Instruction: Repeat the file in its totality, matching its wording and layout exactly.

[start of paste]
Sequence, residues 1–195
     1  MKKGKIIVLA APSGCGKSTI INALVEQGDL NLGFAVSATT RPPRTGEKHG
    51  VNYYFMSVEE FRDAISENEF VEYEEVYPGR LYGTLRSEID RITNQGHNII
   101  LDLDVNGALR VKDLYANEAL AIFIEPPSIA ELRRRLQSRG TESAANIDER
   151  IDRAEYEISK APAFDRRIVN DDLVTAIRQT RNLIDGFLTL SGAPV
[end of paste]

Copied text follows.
Sequence, residues 1–195
     1  MKKGKIIVLA APSGCGKSTI INALVEQGDL NLGFAVSATT RPPRTGEKHG
    51  VNYYFMSVEE FRDAISENEF VEYEEVYPGR LYGTLRSEID RITNQGHNII
   101  LDLDVNGALR VKDLYANEAL AIFIEPPSIA ELRRRLQSRG TESAANIDER
   151  IDRAEYEISK APAFDRRIVN DDLVTAIRQT RNLIDGFLTL SGAPV